A Clip from Youtube of Heart of a Dog
You once described language as a virus from outer space. You get political in Heart of a Dog when you discuss the homeland security advisement, “If you see something, say something. Hopefully, it’s nothing.” You also talk about Lolabelle understanding 500 words and the speech a vet gives when he suggests putting an animal down. Then there’s mention of Wittgenstein’s notion that “language has the power to create the world.” What are your thoughts on the power of language, which has been such an important theme in your work and in this film?
I think it’s never very satisfying to share your dreams with someone else. In fact, when somebody goes, “I had this dream…” I go, “Oh please, don’t tell me your dream, please!” No! It’s not a film you saw! It’s something like a hallucination that only you have a code for. Now that is a wonderful thing—stories only you appreciate, only you value, and only you understand. That is a really underrated thing in our culture. You have this wonderful dream world that’s only for you. Let’s keep it that way. Don’t try to tell other people what’s going on. It’s like when only you think something is funny. That’s really great. But why do we share stories? Because otherwise, life is too lonely, you know?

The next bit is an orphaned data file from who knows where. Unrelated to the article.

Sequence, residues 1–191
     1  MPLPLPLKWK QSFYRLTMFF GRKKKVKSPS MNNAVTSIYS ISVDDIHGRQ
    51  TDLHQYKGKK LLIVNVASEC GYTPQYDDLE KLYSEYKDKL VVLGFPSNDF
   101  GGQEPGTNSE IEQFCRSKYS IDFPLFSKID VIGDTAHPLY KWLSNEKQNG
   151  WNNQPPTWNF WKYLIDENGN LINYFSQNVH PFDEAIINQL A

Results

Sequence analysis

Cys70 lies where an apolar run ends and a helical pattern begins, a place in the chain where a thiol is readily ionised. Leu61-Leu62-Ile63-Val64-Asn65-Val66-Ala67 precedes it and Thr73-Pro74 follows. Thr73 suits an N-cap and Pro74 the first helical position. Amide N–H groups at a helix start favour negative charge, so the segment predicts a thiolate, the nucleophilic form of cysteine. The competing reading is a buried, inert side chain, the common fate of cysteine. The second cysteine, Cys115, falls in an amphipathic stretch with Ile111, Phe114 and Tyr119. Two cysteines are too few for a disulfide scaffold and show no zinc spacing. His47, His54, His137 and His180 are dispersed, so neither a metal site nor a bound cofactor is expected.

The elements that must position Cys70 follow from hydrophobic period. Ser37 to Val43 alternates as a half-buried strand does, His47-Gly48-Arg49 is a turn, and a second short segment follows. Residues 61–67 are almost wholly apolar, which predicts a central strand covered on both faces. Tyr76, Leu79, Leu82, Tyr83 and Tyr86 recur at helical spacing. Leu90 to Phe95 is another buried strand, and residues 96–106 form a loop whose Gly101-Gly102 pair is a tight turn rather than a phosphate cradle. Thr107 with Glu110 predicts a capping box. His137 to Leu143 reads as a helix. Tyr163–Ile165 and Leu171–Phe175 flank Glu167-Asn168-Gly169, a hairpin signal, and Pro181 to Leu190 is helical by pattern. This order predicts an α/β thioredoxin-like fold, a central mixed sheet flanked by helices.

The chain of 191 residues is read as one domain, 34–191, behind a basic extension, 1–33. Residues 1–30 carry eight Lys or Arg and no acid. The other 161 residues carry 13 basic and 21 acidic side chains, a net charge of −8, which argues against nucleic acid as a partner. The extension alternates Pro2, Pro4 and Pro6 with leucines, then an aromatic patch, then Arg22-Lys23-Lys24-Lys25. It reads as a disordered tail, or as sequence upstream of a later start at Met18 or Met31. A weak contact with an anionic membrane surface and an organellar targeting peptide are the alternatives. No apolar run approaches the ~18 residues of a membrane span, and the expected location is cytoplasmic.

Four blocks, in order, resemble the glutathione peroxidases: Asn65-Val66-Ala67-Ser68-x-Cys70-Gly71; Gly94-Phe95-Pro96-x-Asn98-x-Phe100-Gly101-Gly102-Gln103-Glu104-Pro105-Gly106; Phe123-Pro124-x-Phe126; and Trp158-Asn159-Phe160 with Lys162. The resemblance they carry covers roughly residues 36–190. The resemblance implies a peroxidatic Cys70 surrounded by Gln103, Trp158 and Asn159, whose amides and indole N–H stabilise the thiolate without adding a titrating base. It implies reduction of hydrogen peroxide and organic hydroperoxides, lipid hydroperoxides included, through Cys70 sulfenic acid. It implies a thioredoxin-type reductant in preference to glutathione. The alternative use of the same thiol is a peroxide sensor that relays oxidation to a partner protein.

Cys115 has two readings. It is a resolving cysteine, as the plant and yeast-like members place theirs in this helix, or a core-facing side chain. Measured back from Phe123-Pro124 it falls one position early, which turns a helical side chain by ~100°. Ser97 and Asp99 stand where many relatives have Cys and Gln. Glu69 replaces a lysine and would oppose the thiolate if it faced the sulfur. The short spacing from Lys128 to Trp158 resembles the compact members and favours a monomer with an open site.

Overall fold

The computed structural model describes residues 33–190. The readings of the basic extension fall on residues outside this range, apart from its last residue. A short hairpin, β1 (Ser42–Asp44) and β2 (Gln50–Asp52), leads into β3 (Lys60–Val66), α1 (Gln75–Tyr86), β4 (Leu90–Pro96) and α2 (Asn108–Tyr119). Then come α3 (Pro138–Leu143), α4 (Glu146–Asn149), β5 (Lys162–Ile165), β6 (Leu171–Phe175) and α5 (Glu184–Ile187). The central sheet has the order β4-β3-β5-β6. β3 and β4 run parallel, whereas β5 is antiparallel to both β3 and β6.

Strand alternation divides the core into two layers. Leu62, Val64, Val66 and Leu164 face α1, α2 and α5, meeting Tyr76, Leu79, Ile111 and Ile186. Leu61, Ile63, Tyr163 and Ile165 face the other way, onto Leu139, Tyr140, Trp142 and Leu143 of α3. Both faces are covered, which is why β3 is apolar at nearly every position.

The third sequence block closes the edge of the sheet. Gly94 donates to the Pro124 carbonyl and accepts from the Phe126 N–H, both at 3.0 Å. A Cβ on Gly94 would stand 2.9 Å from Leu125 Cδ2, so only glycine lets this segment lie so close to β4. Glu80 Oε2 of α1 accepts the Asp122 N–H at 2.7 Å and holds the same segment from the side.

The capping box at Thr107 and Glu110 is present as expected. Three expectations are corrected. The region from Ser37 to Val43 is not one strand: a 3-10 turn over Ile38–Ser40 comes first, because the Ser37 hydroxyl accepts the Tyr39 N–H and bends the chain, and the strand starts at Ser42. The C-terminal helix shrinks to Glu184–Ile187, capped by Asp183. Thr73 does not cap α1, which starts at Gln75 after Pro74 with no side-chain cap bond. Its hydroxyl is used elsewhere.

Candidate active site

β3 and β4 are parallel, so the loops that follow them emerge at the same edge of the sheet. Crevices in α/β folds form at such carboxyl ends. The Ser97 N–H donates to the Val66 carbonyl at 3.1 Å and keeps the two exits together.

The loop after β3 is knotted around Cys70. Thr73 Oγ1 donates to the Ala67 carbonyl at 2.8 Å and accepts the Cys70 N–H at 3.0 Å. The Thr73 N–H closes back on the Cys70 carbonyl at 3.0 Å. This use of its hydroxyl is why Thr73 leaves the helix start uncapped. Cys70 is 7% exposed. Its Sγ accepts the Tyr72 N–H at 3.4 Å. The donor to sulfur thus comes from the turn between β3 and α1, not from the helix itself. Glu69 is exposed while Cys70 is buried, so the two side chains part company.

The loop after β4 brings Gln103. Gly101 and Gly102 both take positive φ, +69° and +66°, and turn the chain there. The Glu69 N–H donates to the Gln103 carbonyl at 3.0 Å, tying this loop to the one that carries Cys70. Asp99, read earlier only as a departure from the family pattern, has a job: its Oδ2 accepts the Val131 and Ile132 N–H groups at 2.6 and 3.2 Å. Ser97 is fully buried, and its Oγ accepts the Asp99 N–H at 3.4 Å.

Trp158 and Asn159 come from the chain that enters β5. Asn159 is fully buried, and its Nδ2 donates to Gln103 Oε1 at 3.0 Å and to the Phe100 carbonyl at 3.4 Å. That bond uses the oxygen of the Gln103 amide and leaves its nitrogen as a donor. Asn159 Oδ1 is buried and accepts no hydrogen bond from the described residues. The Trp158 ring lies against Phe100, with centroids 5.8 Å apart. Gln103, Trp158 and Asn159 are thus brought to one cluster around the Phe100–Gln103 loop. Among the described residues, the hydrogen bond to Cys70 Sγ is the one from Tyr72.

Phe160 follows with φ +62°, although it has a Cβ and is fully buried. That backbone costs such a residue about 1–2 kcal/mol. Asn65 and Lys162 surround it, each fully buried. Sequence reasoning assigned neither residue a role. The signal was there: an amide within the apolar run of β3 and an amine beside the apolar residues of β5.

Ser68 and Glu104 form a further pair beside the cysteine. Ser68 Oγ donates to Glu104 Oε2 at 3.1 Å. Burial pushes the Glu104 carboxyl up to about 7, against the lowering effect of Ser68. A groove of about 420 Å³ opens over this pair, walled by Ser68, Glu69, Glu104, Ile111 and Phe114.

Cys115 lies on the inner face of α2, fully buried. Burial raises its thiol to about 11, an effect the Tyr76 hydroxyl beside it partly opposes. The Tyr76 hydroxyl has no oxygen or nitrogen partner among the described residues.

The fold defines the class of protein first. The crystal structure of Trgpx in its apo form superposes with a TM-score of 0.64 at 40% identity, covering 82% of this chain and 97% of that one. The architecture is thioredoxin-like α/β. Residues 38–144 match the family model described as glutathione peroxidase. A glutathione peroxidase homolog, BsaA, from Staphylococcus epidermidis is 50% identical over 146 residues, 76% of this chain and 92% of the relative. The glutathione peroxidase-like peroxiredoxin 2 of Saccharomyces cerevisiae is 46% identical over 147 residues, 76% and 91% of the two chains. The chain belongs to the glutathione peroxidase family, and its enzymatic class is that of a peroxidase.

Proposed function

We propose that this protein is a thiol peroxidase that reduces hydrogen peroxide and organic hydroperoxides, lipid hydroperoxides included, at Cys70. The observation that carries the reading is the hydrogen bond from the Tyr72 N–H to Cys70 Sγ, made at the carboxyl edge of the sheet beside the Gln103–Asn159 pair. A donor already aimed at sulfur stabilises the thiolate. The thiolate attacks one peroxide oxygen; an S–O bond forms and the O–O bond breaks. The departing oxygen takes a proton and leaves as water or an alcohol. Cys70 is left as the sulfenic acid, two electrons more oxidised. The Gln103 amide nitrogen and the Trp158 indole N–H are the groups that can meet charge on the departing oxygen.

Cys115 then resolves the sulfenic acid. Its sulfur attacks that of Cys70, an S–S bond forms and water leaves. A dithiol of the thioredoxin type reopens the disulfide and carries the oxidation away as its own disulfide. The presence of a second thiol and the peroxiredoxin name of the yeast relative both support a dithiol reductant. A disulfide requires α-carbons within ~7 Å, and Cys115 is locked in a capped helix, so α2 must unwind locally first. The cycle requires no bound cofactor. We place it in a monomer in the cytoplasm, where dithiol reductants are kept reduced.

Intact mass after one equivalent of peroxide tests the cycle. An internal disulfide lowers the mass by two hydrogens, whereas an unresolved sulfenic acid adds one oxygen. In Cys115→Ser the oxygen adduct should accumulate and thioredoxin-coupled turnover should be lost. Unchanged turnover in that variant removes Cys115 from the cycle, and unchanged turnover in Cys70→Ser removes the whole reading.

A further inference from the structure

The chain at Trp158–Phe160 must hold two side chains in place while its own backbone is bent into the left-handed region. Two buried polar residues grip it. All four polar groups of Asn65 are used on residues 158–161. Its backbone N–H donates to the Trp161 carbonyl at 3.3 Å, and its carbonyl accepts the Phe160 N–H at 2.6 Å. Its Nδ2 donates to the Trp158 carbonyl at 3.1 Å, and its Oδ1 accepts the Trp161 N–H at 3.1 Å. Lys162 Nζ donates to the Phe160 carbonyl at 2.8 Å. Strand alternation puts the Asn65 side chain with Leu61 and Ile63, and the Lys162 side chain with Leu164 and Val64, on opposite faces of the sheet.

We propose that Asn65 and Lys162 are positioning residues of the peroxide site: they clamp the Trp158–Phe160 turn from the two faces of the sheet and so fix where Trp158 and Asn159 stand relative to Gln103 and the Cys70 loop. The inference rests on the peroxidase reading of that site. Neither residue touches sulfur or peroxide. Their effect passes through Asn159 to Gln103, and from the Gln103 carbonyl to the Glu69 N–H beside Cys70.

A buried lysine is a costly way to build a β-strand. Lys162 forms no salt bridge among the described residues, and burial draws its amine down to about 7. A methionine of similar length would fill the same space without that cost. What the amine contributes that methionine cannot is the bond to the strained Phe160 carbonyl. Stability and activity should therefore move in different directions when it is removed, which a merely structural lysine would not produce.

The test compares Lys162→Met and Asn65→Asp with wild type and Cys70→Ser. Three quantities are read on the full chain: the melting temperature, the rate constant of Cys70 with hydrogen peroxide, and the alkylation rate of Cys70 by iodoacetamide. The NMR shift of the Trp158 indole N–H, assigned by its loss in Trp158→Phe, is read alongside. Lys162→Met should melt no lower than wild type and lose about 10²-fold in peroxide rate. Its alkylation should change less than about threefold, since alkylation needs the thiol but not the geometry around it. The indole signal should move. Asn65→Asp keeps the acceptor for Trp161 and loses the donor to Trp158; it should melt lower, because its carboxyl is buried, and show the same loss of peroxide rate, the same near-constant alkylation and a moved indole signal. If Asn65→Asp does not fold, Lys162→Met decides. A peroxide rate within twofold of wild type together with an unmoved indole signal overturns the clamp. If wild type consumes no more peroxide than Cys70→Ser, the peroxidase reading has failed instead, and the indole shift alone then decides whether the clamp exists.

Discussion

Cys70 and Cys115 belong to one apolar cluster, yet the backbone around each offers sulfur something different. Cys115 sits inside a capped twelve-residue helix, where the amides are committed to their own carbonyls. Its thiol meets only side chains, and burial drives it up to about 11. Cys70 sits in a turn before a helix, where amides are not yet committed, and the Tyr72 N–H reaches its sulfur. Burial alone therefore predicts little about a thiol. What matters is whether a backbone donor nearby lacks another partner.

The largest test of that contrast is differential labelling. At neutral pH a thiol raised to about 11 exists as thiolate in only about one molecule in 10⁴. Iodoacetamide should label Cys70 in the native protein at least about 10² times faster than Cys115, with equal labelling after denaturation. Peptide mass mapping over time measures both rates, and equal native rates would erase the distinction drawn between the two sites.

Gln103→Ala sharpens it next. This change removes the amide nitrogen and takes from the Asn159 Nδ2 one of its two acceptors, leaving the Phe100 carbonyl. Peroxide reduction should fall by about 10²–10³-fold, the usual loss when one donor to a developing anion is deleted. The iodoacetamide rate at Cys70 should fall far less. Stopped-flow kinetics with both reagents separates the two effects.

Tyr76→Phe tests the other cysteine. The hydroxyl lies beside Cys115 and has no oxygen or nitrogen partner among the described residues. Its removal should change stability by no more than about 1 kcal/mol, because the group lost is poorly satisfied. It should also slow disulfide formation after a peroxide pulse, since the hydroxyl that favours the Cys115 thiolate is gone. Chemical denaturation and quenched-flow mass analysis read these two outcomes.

I interpret it such that you are telling these things to me. It’s episodic, and therefore it doesn’t feel like a monologue. As a viewer, you get into some stories, and sometimes you just watch, but I made all these connections and took it all in. I could see the film again and have a totally different response.
I think I was exploring this idea: Does language help you in a situation like that? The Tibetans would say it does, because they wrote a whole book about it. They are expressions of grief. The no crying thing is about trying to understand what is going on not with your own emotions, but to pay attention to what’s going on with the drama of the person who is dying and dead. Their idea is to focus on their transition, which will also be used when you die. But it’s to focus on their death, not your reaction to it.